Family
3 Reasons To Detest “Why My Son Is Crying”
Reasons My Son Is Crying, Greg Pembroke, ignoring child's emotions, crying, emotional strength kids,

Is Crying Funny? (Image: worldofoddy’s flickr photostream)

You’ve probably seen it already, a Tumblr site featuring nothing but two adorable little boys, crying. The captions share the many reasons for their misery. Reasons like, “The milk was in the wrong cup” or “It’s morning.” The site was started only two weeks ago by Greg Pembroke, who shares images of his 21-month old son Charlie and three-year old son William. The site has gone viral. Already, Pembroke and his sons have appeared on Good Morning America and been parodied by Conan O’Brien.

For anyone with small children at home the site may seem reassuring. Yes, other kids cry for reasons that test the limits of logic. And it may seem like a parent coping with frustration by blowing off a little steam, photographically.

I still detest it. Here’s why. 

It’s Easy To Reinforce Misery. What does a child feel when someone grabs a camera as he cries? It’s a strangely distancing reaction by a parent yet at the same time it gives attention to, even promotes distress. That sounds like a great way to reinforce more crying. I don’t know how it feels to be the little boy in the photos. If it were me at that age I suspect I would feel lonely and misunderstood. I’d also notice the tacit approval that comes with each image capture. Especially if Daddy enjoys taking the photos, uploading them, adding captions, and getting worldwide attention. Why learn to cope and control impulses if misery is reinforced? Acknowledging each other’s feelings is a core principle of positive human relationships. Having our emotions ignored, mocked, or treated as irrational doesn’t help us feel connected, let alone understood—no matter how old we are.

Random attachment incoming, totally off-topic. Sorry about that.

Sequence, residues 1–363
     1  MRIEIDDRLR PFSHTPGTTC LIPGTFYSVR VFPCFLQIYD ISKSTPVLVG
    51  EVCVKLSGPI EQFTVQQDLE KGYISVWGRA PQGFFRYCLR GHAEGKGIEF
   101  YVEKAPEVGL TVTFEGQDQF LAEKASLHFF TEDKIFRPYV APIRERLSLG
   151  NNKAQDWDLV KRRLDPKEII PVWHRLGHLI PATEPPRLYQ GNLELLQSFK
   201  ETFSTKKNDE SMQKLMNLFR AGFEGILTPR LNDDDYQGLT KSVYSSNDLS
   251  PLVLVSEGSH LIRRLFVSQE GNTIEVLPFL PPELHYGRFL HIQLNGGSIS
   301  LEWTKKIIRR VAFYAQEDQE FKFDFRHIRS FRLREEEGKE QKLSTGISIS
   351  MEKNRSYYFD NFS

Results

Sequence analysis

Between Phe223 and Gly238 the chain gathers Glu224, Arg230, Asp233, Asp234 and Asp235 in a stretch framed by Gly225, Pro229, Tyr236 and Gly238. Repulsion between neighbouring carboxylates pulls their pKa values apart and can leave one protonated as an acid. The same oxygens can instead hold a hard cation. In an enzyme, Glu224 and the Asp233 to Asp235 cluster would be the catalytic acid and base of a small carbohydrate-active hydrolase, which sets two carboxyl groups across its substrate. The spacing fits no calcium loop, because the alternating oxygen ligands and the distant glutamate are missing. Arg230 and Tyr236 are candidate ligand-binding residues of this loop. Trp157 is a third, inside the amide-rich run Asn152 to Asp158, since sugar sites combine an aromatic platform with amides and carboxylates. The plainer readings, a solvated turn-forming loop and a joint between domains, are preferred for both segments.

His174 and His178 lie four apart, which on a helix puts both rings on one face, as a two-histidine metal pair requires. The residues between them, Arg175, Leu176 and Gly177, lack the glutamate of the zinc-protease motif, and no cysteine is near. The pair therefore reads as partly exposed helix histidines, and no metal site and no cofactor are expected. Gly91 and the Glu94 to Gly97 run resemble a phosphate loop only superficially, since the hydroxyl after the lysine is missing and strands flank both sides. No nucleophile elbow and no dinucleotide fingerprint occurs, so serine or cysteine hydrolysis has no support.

Kids Have Real Feelings. Let’s remember, kids experience emotions as intensely as adults do. They just don’t know how deal with them as effectively nor have the experience to recognize that feeling awful is a temporary state. Hence, the positive influence of caregivers.  It may seem to make little sense that a child cries because a slide isn’t slippery enough. That’s a good time for a parent to acknowledge those feelings, helping to build a vocabulary of emotion words the child can use to identify and claim feelings, as in, “I see you’re frustrated.” It doesn’t mean the tears have to be erased or the problem fixed, just that the child’s feelings are recognized. Often recognition itself helps ease the situation. The same with tears because the child can’t climb in the sea lion tank. Why not empathize with the imagination he’s expressing just behind that disappointment, that he wants to swim with the sea lions? It’s not hard to transform it into make-believe, saying something like, “I bet it would be fun to get in the water. Maybe you can pretend to swim right here in front of the tank and the sea lion might see you.” Helping kids find words and actions to express their feelings is just common sense.

This isn’t trivial. As noted in the WHO publication, Facts for Life,

As children’s brains develop, so do their emotions, which are real and powerful. Children may become frustrated if they are unable to do something or have something they want. They are often frightened of strangers, new situations or the dark. Children whose reactions are laughed at, punished or ignored may grow up shy and unable to express emotions normally. If caregivers are patient and sympathetic when a child expresses strong emotions, the child is more likely to grow up happy, secure and well balanced.

The first few years have a resounding impact. That’s when a child internalizes a sense of self based on how he or she is treated. Somewhere, deep in our pre-verbal memory, each one of us knows if we were cuddled and comforted as well as trusted to explore the world around us on our own terms. Maybe early experiences of being coerced, ridiculed, ignored, or trivialized makes it easier for us to dismiss a child’s very real emotions.

It Seems Downright Unethical. Maybe if Pembroke’s site included crying photos along with others showing a full range of his kids’ emotions it would be a more accurate representation of who they are as whole people. (Well, it wouldn’t haven’t gotten the buzz either.) All this media attention will certainly smack a label on his kids. It’s bad enough to be known at their ages for crying. Imagine what it’ll be like to start school.

I wish he’d step back to consider not only the long-range implications, but the implications right now. I don’t think any of us would appreciate pictures taken of us while we’re crying, we’d be more upset if they were posted. And we’d be horrified if weepy photos of dementia patients were posted over amusing captions. Because someone is small and helpless doesn’t make it much better.